All Adam's offspring form one family treeby Sa'di
English version by Ivan M. Granger
Original Language Persian/Farsi
All Adam's offspring form one family tree,
from the beginning, the same life and spirit and quality.
When one limb is bent with pain,
the entire living tree naturally feels the strain.
Thus he indifferent to the agony of another,
cannot be named human alongside his brother.
/ Image by Isilmetriel /
I discovered the writings of Sa'di several years ago, and I fell in love with his wisdom and wit. Unfortunately, I still haven't found a really good English translation of his work. I've had to work, to really dig beneath the rather flat renderings I've found in English in order to catch glimpses of the real life shining within his writing. It can feel like linguistic archaeology. Sa'di's Gulistan, for example, is a delightful collection of tales and wisdom fables, interspersed with pithy poems. The problem is that the English versions I've found were either translated during the Victorian era or they are more recent translations that still feel Victorian. To me, these translations come across as rather dusty and pedantic.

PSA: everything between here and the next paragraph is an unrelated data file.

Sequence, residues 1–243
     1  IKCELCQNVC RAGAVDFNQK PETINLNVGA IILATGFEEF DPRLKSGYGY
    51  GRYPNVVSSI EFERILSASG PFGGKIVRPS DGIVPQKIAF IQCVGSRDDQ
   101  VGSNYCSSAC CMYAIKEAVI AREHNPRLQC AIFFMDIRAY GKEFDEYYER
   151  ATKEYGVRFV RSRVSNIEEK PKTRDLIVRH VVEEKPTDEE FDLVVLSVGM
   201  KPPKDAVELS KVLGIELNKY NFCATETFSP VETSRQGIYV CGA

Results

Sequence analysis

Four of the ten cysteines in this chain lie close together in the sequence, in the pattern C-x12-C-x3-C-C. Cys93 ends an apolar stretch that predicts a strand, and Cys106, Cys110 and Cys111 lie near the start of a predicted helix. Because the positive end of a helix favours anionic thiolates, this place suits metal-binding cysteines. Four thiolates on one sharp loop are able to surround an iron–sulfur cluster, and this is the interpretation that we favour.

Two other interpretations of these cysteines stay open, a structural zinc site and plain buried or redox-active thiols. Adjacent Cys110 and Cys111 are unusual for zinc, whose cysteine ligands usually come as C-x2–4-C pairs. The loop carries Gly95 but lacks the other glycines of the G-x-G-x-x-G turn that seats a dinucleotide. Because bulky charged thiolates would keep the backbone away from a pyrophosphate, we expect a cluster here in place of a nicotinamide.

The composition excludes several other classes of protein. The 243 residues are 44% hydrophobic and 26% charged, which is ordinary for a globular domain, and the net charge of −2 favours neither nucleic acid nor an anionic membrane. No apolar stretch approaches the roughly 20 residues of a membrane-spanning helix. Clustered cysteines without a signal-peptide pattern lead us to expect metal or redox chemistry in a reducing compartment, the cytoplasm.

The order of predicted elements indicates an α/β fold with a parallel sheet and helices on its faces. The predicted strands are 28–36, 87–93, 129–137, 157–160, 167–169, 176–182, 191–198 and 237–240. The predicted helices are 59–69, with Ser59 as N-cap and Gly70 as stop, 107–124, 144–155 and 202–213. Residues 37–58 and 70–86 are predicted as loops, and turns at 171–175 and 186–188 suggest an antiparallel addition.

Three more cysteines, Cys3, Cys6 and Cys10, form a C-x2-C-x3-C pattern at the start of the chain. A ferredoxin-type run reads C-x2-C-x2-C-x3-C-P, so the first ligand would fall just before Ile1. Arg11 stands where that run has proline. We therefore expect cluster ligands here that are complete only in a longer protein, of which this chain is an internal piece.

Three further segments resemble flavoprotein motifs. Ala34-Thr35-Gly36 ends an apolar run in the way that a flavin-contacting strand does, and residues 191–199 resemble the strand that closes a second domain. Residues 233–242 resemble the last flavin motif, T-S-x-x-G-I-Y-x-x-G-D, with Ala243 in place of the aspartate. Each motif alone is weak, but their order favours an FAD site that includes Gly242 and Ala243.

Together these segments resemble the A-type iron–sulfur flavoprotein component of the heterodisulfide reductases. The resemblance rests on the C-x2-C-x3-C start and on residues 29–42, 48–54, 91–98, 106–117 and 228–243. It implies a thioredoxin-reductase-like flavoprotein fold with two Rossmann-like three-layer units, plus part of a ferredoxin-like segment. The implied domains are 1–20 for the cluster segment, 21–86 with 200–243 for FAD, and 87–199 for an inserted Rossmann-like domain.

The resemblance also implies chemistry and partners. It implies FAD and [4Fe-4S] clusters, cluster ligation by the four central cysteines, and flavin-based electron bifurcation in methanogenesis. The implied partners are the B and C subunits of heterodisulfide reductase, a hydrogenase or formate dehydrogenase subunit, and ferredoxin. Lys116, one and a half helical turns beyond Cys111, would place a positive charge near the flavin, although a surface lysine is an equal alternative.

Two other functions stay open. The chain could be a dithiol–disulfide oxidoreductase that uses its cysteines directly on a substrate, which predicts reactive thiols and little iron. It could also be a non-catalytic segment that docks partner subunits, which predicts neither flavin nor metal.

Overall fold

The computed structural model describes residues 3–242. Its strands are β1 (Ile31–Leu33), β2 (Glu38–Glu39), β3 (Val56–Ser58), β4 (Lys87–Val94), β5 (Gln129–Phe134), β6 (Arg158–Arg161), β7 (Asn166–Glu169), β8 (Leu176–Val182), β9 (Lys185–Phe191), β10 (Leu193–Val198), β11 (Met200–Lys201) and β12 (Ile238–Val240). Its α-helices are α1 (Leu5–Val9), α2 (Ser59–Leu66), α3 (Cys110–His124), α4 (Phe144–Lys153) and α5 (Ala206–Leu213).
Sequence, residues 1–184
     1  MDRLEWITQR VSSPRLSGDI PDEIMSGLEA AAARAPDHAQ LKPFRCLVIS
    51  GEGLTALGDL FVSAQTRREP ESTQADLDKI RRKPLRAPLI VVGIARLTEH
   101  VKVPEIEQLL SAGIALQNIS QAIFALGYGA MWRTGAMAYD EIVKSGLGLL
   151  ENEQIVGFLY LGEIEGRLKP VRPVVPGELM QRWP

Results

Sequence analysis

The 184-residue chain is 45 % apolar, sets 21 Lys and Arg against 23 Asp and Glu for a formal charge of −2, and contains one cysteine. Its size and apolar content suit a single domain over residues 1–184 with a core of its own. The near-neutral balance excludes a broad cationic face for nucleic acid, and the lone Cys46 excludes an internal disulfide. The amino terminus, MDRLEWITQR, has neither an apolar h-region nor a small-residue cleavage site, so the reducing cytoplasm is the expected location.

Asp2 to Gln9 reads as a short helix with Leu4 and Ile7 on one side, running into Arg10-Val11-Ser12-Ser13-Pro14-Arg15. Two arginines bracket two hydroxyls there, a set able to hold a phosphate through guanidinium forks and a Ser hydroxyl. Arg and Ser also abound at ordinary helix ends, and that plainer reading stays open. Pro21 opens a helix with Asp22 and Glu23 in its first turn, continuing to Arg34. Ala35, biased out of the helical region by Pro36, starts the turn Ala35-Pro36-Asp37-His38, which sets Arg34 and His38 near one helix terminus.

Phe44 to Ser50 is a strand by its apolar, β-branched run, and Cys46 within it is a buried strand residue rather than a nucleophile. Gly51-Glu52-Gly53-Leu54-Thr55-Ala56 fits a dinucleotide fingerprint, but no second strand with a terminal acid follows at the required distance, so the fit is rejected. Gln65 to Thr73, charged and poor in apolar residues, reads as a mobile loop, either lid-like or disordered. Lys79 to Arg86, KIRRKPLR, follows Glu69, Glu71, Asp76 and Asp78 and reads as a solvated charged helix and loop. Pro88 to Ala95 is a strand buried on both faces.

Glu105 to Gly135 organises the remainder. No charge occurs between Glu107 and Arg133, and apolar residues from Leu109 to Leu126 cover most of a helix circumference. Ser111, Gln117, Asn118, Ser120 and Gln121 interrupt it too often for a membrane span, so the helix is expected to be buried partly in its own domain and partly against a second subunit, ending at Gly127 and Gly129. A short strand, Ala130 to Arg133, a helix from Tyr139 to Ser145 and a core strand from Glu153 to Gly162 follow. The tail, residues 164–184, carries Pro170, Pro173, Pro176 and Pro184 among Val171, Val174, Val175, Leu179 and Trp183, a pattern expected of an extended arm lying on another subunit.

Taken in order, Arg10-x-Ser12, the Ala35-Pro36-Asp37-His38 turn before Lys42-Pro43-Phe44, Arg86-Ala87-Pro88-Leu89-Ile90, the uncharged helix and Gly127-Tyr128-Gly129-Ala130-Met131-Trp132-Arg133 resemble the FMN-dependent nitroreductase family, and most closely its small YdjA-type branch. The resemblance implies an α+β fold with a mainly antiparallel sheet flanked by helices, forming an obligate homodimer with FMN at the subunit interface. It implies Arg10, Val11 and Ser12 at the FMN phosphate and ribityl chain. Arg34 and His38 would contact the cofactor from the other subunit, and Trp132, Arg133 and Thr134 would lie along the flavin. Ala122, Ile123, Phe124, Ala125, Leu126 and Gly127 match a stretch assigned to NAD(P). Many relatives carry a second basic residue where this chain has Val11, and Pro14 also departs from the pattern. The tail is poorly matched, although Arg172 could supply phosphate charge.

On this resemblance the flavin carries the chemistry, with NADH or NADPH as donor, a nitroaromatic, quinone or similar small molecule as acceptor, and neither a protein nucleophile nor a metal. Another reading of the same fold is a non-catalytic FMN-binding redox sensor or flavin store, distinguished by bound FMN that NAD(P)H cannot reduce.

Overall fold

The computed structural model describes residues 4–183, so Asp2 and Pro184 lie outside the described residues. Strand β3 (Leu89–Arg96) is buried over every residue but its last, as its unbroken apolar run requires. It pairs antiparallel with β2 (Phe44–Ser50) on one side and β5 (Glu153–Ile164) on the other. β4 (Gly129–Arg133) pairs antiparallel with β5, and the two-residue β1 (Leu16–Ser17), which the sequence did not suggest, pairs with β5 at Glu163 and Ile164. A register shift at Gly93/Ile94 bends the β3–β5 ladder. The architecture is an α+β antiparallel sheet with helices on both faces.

But I understand the difficulty. Sa'di's short verses seem naked without some rhyming scheme and at least a suggestion of meter. This may be my own bias, but modern poetic English, when forced into strong structure and rhyme, often ends up sounding either awkward or archaic or a bit anemic. What's a poor translator to do?
Today's selection is my imperfect attempt to find a more satisfying balance with one of Sa'di's most loved -- and loving -- verses.
(Other translators' versions of this famous verse can be found at: http://en.wikipedia.org/wiki/Saadi_Shirazi. You rhymsters and wordsmiths, I'd love to read your versions of Sa'di's verses.)